Lynch, which is today one of the most common surnames throughout Ireland, is unusual in that it has two completely distinct origins. The first is Norman, from de Lench, possibly derived from a French placename now forgotten. The family settled initially in Co. Meath, and a branch then established itself in Galway, where they rapidly became one of the strongest of the famous "Tribes of Galway"; between 1484 and 1654 no fewer than 84 mayors of the city were Lynches. One of their number, James Lynch, mayor in 1493, is reputed to have hanged his own son for murder when no one else could be found to carry out the sentence. The arms illustrated, a classic example of the simplicity of Norman heraldry, are for this family. In Ireland, the term "lynching" is generally believed to be derived from this James Lynch, although in the U.S. the likeliest origin is usually cited as the 18th-century American justice of the peace, Charles Lynch, who ordered extralegal punishment for colonial acts during the American War of Independence.
The second origin for the name is Gaelic, from the Irish Ó Loingsigh, grandson of Loingseach, meaning "seaman". Given the importance of the sea in Irish life, the surname naturally arose quite separately in a number of areas, including Clare/Limerick, Sligo, west Cork, Cavan, Donegal and the north Antrim/Derry region. In west Cork, the family were initially among the leaders of the Tuath Ó nDunghalaigh, based near the modern town of Clonakilty, and are recorded in the 16th and 17th centuries as chiefs of an area in the Beara peninsula, in the parish of Kilcaskan, under the overlordship of O’Sullivan Beare. Like O’Sullivan, they were dispossessed after the final collapse of the old order at the end of the 17th century. In the north, the Ó Loinsigh were also prominent, as chiefs of the old kingdom of Dál Riada in medieval times.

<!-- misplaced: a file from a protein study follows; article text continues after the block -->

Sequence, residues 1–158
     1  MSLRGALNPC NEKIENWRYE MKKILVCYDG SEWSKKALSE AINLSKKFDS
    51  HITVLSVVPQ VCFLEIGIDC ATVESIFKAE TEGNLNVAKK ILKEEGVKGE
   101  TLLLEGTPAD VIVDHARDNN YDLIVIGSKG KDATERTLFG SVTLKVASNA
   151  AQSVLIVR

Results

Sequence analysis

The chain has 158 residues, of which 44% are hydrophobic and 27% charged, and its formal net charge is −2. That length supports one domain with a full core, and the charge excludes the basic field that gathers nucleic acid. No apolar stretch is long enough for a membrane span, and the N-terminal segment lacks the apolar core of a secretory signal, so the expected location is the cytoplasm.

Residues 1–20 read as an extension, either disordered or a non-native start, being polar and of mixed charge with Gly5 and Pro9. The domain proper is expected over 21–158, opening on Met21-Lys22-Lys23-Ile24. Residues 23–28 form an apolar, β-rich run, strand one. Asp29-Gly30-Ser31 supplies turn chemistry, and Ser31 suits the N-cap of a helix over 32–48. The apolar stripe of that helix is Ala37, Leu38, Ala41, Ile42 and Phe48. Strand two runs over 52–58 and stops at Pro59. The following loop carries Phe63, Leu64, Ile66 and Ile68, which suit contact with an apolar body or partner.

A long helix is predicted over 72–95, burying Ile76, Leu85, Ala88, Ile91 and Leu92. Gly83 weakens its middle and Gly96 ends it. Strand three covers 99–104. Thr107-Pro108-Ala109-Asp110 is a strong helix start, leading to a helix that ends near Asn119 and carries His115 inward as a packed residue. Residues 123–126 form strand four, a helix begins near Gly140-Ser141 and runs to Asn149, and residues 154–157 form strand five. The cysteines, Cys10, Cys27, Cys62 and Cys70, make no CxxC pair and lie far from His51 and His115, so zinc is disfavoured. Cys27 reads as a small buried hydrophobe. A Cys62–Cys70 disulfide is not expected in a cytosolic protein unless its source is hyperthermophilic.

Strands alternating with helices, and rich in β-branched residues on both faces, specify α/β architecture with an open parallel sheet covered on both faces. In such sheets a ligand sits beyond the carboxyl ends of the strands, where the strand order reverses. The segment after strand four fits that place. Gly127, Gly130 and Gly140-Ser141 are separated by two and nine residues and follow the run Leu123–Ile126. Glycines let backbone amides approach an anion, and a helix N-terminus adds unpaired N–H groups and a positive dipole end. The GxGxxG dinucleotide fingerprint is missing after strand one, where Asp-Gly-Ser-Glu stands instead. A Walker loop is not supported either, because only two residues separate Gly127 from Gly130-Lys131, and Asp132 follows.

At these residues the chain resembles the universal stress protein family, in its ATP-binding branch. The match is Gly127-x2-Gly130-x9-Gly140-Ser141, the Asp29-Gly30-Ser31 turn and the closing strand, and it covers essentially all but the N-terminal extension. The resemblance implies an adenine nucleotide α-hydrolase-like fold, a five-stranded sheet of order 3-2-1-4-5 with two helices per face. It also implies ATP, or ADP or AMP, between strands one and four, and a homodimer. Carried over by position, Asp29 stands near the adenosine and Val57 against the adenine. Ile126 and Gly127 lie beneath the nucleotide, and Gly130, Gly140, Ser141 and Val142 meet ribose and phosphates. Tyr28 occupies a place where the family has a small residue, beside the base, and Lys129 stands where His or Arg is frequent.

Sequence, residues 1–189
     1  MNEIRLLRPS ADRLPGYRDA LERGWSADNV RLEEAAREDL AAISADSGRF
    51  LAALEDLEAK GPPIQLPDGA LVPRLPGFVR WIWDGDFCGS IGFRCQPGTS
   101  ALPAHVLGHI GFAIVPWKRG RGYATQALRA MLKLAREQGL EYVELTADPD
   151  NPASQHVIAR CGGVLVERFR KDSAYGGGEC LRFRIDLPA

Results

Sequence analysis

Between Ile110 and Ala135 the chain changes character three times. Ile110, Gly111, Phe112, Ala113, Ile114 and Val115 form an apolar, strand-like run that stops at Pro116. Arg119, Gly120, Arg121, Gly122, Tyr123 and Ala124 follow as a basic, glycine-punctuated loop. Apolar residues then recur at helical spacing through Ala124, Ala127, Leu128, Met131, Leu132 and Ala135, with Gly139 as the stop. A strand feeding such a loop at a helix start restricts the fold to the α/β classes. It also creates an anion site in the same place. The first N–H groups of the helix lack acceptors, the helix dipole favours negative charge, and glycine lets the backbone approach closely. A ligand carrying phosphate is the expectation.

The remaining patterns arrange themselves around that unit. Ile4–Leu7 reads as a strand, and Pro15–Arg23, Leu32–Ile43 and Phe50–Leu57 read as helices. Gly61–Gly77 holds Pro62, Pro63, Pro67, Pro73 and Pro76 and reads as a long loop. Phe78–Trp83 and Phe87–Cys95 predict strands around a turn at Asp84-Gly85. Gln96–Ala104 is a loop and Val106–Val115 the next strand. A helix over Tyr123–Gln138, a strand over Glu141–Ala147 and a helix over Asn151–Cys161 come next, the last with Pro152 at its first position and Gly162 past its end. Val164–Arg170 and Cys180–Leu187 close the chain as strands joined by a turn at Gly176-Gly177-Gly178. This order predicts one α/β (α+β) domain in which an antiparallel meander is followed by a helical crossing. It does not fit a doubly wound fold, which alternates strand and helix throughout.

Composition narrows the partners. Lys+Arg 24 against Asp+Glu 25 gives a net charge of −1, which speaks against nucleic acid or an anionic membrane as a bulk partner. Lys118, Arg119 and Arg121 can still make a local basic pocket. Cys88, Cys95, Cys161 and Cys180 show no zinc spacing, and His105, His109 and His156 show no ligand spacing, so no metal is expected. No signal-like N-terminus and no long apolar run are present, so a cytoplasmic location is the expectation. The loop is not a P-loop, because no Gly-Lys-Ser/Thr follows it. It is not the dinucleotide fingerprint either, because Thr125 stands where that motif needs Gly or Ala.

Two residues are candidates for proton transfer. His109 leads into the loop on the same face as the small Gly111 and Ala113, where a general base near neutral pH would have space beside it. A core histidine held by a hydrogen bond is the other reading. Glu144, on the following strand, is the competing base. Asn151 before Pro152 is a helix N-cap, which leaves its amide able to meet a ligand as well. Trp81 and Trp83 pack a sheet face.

As the variety of geographical sources implies, the Gaelic origin is responsible for the wide frequency of the surname today. In addition the usual imprecision in the anglicisation of surnames has played a part; in many places Ó Loingseacháin and Mac Loingseacháin have been rendered as Lynch, while Ó Loingseacháin, Mac Loingseacháin and Ó Loingsigh have all at times been given as Lynch, Lynchy and even Lindsay.
. The best-known contemporary Lynch in Ireland is undoubtedly John Mary ("Jack") Lynch (1917 -), Taoiseach from 1966 to 1973 and from 1977 to 1979. He himself was born in Cork city, though his family originated in west Cork. He was, surprisingly, the first Corkman to become Taoiseach. Outside Ireland the name has also become well-known; David Lynch has directed some of the strangest and most intriguing films of recent years, such as Eraserhead and Blue Velvet, as well as the television classic Twin Peaks. Better known on Wall Street would be one of the largest U.S. investment banks, Merrill Lynch.